Should Universities be Able to Ban Frats and Sororities?

With the recent bust at Delta Pi on Lightstreet Road and the most recent bust at Zetes, the community and students will consider this question more than ever. Do the drugs, partying, and drinking outweigh the potential benefits that Greek Life has to offer?

Late Tuesday, Sept. 16, police executed a pre-planned bust on Bloomsburg’s own Delta Pi, handing out underage citations to 61 students. The bust brought attention to the fraternity and got the students of Bloomsburg talking. On Bloomsburg’s Greek Life website, the Q and A section advises that “each organization may have national rules to follow regarding the hosting of social events. All organizations sponsor education on alcohol misuse and abuse.”

With alcohol and, alleged, illegal substances found at Delta Pi last week, it seems hard to believe that any alcohol or drug education was taken seriously.

Frats and sororities are responsible for providing the University with community service and upholding a positive reputation. According to Bloomsburg’s Greek Life Web site, being in a sorority or fraternity “promotes the values of enhancing leadership, service scholarship, philanthropy/service and financial responsibility in their members,” but mentions nothing about the other activities fraternities and sororities have been found promoting, such as drinking, drugs, and hazing.

With these harmful events taking place behind closed doors, many have begun to question whether Greek Life deserves to exist on campus at all.

Surprisingly, banning frats and sororities is not a new concept and many colleges – after investigating such things as hazing and drugs – are taking action and banning not one organization but all of Greek Life on campus.

In 2002, the board of trustees at Alfred University voted to start getting rid of Greek Life on campus. The ban came about not long after the death of one of their own students, Benjamin Klein. Klein was allegedly beaten up by some of his ZBT brothers after exposing frat “secrets” at a chapter meeting in Syracuse. The Alfred student was found frozen and dead close to the backdoor of his frat house. Reportedly, the beatings were not the cause of death.

While this was not the only factor in Alfred University’s decision to “phase out” Greek Life, it was definitely a wake up call.

According to The Badger Herald article by Leana Donofrio, “although a few fraternities and sororities still exist at Alfred, they cannot recruit new members and cannot remain at all if they are not in good standing with the university.”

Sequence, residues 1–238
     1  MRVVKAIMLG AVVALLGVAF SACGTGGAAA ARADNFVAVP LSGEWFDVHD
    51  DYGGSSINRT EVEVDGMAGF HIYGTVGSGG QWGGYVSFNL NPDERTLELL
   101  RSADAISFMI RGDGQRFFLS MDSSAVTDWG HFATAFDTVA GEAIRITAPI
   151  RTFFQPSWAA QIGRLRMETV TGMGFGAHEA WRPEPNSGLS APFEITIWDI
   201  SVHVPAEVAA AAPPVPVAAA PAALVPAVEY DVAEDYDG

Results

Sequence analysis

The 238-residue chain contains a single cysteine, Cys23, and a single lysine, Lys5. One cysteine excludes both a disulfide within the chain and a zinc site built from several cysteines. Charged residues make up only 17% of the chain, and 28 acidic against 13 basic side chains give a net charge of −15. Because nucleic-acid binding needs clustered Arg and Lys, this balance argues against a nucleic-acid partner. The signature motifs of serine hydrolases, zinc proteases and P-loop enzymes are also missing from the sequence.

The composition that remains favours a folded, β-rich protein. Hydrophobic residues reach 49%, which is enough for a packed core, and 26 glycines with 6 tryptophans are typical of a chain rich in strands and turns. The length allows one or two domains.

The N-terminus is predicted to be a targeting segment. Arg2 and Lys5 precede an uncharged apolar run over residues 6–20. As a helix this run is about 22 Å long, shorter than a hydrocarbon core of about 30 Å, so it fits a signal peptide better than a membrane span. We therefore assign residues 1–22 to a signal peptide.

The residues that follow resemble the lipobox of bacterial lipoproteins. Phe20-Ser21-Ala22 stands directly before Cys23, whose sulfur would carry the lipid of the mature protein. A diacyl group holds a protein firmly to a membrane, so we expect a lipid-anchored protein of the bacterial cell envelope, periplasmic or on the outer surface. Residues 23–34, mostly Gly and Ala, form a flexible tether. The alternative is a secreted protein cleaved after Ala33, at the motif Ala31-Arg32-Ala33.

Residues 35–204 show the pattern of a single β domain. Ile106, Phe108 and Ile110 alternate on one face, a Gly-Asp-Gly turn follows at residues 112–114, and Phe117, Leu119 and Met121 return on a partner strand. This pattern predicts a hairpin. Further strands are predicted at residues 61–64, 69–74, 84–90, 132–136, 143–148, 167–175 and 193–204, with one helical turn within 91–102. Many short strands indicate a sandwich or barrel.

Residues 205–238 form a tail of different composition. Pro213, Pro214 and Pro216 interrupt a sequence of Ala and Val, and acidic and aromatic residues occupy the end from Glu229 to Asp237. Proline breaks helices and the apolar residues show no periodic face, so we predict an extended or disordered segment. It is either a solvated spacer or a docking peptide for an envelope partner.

These events can shed a negative light on frats but there are those whose lives revolve around their organization and have another perspective all together. Marci Tatnall –  a sister at Delta Phi Epsilon – sees her sorority and her sorority sisters as a second home and family.

“Sometimes sororities and frats are all people have. My sorority is one of the most important things in my life. It is not about drinking or being popular, it is about finding a home away from home,” she said.

To some students, their frat or sorority gives them the opportunity to socialize and contribute to something they take pride in. It also offers the benefit of building life long friendships and bonds that other students might not have the ability to create. Fraternities have a responsibility to their university by fulfilling community service hours that better the society in which they reside.

Craig Kauffman, a brother at ATO, said that “fraternities are always looking for ways to raise money and most of the time they find manual labor jobs around town; which relieves some of the work load for businesses in Bloomsburg.”

Fraternities have been known to engage in numerous community service activities around the Bloomsburg area and even outside of Bloomsburg’s borders.

Not only does Greek Life create bonds and life long friendships it also encourages students to focus more on school in order to maintain grades.

Statistics on Carolina Fraternity & Sorority Life’s website shows that “in 2001, Greek students as a whole had a cumulative GPA of 3.10. Non-greek students as a whole had a cumulative GPA of 3.02”

Also many students may not know that wealthy, important, and educated people alike have all been apart of the Greek system.

Kent State University released some intriguing statistics on their Greek Life Web site that indicate that“75 percent of the U.S. Congress is Greek. More than 85 percent of student leaders in 720 college campuses are Greek members and 80 of Fortune 500 executives are Greek.”

Membership in such organizations creates a social atmosphere that allows for powerful connections and could potentially benefit students for their future aspirations.

So far at Bloomsburg, Delta Pi and Zetes are the only organizations being punished for their run in with the law but only time can tell if the busting of another underage party could affect the future of Greek Life here. But is it fair to judge all of Greek Life for the mistake of a couple organizations? Are other colleges that ban Greek Life ruining a long tradition? As the school year goes on, take a look around and decide for yourselves whether frats and sororities deserve a spot on your campus.

(post edited 9/25 due to comments regarding a correction of facts)

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